With the Prime Minister’s Brexit Bill ‘on pause’, Brexit ‘flextended’ until January 31 and the country on course for a General Election on December 21, there is still a great deal of uncertainty about if and how the UK will leave the EU.
However, with the current House of Commons demonstrating support for the PM’s deal on October 22, when a majority voted in favour of the Bill for the first time, the Agriculture and Horticulture Development Board (AHDB)has looked to clarify what the new deal is and what businesses should do now.
What is in the new deal?
Sarah Baker, AHDB’s strategic insight manager, said: “Many aspects of the original deal are unchanged, including the treatment of citizens’ rights, the UK paying a ‘divorce bill’ and a transition period (until the end of 2020) when the UK will remain in the single market and customs union.
“The main area of difference is around the much contested ‘backstop’ agreement which outlines what happens if both parties fail to agree the details of a future trade deal. This has been replaced by a ‘Northern Ireland Protocol’ which allows Northern Ireland to remain part of the UK’s customs territory, while following EU rules and applying EU VAT on goods. A key downside is that to ensure no customs check or controls between Northern Ireland and the Republic, there will be controls on some goods moving between Great Britain to Northern Ireland.”
Ms Baker added: “In addition, text around the future UK/EU relationship has altered, which suggests the UK is looking for a much looser future relationship with the EU, based on a free trade agreement.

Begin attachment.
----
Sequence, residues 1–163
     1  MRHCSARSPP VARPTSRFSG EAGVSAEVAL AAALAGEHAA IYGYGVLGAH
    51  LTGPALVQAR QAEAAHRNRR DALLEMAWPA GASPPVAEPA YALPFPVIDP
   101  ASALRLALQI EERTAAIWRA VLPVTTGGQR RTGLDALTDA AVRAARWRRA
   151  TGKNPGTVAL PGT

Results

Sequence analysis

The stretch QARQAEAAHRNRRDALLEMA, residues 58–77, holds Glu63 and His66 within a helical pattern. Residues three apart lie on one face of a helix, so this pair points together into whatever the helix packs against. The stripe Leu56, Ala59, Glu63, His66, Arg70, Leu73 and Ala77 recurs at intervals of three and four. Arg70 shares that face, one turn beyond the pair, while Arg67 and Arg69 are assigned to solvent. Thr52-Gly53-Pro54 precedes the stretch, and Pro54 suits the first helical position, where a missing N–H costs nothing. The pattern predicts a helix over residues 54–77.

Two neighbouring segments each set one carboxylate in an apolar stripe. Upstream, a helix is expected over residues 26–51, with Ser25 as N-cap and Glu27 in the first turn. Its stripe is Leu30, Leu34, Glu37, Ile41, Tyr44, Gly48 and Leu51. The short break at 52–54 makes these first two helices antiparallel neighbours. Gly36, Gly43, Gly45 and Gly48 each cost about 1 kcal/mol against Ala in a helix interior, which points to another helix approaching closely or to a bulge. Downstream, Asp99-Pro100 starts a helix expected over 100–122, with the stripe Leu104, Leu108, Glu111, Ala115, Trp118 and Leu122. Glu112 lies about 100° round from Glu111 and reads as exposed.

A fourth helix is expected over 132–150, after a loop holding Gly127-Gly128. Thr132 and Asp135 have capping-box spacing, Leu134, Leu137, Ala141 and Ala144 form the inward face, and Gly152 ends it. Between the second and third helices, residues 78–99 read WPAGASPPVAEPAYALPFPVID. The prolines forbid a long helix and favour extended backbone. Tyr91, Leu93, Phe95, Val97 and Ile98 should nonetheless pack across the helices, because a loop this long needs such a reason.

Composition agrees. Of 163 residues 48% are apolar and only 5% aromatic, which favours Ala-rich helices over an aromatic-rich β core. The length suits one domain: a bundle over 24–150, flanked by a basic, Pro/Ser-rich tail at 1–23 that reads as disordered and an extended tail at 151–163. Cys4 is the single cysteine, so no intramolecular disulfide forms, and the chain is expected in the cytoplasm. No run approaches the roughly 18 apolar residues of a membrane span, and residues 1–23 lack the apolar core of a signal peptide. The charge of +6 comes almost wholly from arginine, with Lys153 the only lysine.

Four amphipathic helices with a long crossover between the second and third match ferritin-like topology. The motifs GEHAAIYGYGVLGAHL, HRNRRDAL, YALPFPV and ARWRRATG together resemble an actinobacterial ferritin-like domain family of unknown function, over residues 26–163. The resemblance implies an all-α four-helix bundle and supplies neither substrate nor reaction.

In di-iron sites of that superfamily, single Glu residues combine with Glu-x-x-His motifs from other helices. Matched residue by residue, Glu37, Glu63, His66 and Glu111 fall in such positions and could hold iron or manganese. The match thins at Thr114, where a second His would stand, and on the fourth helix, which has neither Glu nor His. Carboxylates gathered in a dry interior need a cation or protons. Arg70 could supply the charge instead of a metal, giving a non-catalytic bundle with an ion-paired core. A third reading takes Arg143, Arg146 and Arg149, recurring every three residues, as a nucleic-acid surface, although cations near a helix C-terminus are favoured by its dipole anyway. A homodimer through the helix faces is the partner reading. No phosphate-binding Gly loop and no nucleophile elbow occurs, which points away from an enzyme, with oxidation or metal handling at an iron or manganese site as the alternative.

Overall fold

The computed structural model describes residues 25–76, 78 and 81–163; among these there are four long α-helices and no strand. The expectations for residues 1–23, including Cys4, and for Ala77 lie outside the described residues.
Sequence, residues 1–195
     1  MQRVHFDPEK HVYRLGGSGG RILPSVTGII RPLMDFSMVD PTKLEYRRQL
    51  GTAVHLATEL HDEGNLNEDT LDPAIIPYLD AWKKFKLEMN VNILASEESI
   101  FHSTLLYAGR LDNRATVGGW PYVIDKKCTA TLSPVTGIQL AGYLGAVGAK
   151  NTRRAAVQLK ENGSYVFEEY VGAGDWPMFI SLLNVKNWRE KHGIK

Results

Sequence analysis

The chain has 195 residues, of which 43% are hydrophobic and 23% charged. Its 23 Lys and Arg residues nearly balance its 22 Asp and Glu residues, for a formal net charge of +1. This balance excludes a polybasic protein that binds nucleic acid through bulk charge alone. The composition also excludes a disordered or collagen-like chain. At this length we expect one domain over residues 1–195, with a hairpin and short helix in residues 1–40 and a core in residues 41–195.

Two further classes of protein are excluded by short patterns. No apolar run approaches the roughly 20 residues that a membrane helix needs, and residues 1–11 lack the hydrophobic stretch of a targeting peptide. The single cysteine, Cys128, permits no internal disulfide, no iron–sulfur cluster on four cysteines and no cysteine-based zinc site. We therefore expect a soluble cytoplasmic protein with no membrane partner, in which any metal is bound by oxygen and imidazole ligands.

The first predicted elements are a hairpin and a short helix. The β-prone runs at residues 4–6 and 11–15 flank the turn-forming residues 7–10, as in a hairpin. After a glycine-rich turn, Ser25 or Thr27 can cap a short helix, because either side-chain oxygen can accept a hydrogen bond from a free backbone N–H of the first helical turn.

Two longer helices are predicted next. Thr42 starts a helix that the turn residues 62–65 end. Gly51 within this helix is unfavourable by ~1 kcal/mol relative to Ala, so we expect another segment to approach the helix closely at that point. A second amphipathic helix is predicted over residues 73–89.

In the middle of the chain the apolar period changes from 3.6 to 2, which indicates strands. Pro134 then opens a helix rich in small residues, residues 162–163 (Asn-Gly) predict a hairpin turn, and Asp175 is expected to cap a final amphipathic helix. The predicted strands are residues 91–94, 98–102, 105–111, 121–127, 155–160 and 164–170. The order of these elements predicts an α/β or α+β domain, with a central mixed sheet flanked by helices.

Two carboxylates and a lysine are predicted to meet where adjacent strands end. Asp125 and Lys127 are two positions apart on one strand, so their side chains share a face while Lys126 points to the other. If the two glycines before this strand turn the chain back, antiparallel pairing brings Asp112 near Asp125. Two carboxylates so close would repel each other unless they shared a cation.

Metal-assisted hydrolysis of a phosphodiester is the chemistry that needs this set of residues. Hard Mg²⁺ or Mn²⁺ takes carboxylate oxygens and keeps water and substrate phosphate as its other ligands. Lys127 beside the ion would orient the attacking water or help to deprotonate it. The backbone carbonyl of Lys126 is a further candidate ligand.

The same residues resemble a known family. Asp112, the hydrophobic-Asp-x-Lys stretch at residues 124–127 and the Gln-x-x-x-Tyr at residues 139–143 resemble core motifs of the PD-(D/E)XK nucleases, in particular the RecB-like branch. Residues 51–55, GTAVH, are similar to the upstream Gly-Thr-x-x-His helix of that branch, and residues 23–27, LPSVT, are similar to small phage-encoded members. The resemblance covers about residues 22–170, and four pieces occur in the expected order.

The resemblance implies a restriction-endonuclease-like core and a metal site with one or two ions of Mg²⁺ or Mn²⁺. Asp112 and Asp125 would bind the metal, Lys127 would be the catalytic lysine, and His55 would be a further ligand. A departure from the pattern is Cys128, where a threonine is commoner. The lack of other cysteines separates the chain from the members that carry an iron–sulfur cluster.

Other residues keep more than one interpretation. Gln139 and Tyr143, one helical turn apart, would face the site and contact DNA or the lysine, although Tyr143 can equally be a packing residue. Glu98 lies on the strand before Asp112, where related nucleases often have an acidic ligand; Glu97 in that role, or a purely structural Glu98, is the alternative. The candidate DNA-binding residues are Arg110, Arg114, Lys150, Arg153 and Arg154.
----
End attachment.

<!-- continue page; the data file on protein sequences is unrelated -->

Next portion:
“For instance, rather than agreeing to stick closely to EU regulations in the (legally-binding) withdrawal agreement, there is now a paragraph on maintaining a ‘level playing field’ in the (non-legally binding) political declaration.”
What will the impact be on agriculture?
Ms Baker said: “The Government has not published a detailed impact assessment alongside the deal. However, given most aspects have remained the same, we might expect the impact to be very similar to Theresa May’s deal, at least in the short term.”
AHDB has published a Horizon report assessing the impact of this deal compared to a No Deal Brexit, which can be downloaded HERE.
Ms Baker added: “Where things may begin to differ is over the longer term, if the UK takes a differing approach to regulation with the EU. This could conceivably cause challenges in UK/EU trade but might help develop UK trade with the rest of the world.”
What should I do to prepare?
Ms Baker said: “For now, it is unclear who will be leading the country come January 31, or what UK Parliament will look like. As a result, there are no guarantees as to whether or not the latest deal will pass and the possibility of a No Deal Brexit has not been removed.
“Farmers and growers may still need to make changes to be ready for No Deal, especially if they trade in some way with the EU.”